I've been spending a lot of time thinking about how god-awful it can be to be an artist sometimes. I've been to art schools. I have plenty of artist friends, and the same conversation always comes up. In trying to be the best we can at our craft, we often drive ourselves crazy. I suppose the same could be said of any craft, but for whatever reason, it seems particularly prevalent in artists. Well... that, and I'm an artist and not a professional athlete, so I really have no business talking about that. What I CAN talk about are my own personal struggles, and I can relay the stories and sentiments of artists with whom I've spent time.
I always thought it was just me. By that, I mean I thought everyone else was content with everything they did, and that crippling self-criticism and intense self-scrutiny were MY issues. There have been plenty of situations where, regardless of my accomplishments, I've felt that everything I'd done to that point was worthless--- that all of my work was terrible, and that it was pointless to continue. When I really got a sense of just how common it is amongst creative types, I felt I had to do something or say something. I felt I had to start a conversation--- to create a sense of awareness, that everyone in this game experiences the same struggles. It doesn't matter how successful someone is, chances are they've experienced the same struggles and same obstacles as someone who's still stuck on the first rung of the ladder. I suspect the only difference is that those at the top of the ladder are better at pushing through.
There's a tendency for artists to judge themselves in direct relation to their work. It's completely understandable. For most of us, our work is the thing we're most passionate about in life. There's nothing wrong with that, but it can very easily become a harmful situation. When we convince ourselves that we are DEFINED by our work, we open ourselves up to a world of hurt. If we experience failure as artists, we often consider ourselves failures.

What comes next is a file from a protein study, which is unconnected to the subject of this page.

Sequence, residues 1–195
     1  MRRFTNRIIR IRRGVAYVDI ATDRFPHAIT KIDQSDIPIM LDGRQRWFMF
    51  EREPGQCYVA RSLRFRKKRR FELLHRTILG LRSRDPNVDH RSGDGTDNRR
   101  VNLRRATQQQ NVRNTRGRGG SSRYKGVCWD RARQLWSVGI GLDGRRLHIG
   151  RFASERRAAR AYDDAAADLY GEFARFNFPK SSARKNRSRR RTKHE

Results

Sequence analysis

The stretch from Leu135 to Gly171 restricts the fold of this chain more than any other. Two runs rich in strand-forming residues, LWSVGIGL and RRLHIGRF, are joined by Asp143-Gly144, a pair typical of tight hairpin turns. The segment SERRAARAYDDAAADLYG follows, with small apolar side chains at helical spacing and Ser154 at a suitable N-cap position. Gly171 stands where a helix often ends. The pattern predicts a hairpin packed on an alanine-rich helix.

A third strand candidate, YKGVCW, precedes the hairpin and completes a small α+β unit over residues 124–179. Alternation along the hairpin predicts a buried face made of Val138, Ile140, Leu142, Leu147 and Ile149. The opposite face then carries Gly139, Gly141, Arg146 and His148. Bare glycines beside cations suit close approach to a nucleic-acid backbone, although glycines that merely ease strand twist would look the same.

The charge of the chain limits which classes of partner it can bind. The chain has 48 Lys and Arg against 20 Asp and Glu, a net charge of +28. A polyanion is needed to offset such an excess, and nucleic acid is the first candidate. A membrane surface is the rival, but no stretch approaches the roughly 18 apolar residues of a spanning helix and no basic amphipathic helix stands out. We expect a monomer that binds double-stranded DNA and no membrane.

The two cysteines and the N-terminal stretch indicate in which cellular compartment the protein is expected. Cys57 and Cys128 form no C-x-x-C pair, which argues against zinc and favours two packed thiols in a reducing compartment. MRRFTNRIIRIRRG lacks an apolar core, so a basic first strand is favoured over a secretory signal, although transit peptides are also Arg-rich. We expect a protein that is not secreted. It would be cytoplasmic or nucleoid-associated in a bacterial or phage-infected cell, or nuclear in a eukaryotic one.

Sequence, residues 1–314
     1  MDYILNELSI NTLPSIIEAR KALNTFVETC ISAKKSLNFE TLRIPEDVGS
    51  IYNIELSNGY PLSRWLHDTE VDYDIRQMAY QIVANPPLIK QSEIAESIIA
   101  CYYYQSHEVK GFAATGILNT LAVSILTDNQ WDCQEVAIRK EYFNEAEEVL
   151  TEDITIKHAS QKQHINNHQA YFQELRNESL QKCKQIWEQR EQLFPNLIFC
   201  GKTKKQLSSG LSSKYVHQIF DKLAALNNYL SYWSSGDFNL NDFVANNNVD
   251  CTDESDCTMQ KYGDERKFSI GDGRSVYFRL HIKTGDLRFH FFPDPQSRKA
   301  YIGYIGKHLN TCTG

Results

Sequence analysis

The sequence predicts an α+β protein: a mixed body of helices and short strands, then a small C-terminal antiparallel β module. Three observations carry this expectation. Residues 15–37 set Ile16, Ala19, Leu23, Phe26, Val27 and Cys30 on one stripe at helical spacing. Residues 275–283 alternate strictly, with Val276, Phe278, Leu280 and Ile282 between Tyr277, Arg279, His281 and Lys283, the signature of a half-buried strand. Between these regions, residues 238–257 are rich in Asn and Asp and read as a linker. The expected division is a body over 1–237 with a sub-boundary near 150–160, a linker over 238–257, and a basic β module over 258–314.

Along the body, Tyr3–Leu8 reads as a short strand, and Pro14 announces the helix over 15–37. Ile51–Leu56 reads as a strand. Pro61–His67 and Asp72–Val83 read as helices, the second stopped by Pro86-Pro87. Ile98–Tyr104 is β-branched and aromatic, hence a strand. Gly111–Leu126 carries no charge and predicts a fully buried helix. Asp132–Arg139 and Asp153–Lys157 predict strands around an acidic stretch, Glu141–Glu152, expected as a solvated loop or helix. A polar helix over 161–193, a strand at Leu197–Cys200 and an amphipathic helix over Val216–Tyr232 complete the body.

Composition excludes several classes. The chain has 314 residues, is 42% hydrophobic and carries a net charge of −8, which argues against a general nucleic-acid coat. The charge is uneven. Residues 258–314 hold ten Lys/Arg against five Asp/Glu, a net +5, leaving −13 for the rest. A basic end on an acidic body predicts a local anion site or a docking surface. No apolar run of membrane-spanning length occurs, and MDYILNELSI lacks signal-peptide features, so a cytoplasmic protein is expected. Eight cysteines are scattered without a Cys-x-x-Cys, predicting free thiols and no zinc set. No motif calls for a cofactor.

The reality is we are NOT defined by our work. Speaking for myself, while my work is incredibly important to me, it's no more important than my loved ones, my happiness, and my health. Sometimes I forget that and I feel powerless, hopeless, and depressed. I need to be reminded that my work is NOT the only thing that matters.
So what can be done? What's the point of this conversation? I'm not nearly smart enough to figure out how to "fix" this issue. The point of starting this conversation is to create a sense of community. There are too many of us who experience roadblocks and give up altogether. It's my hope that if we have others we can talk to, people who deal with the same struggles, the obstacles won't seem so insurmountable.
What I'm asking is this: if you're an artist, make yourself available. I'd like to get people onboard with this from all walks of life, possessing all levels of ability. The more people are behind this idea, the bigger the community, and the easier it is to maintain the conversation.
Thanks for taking the time to read this.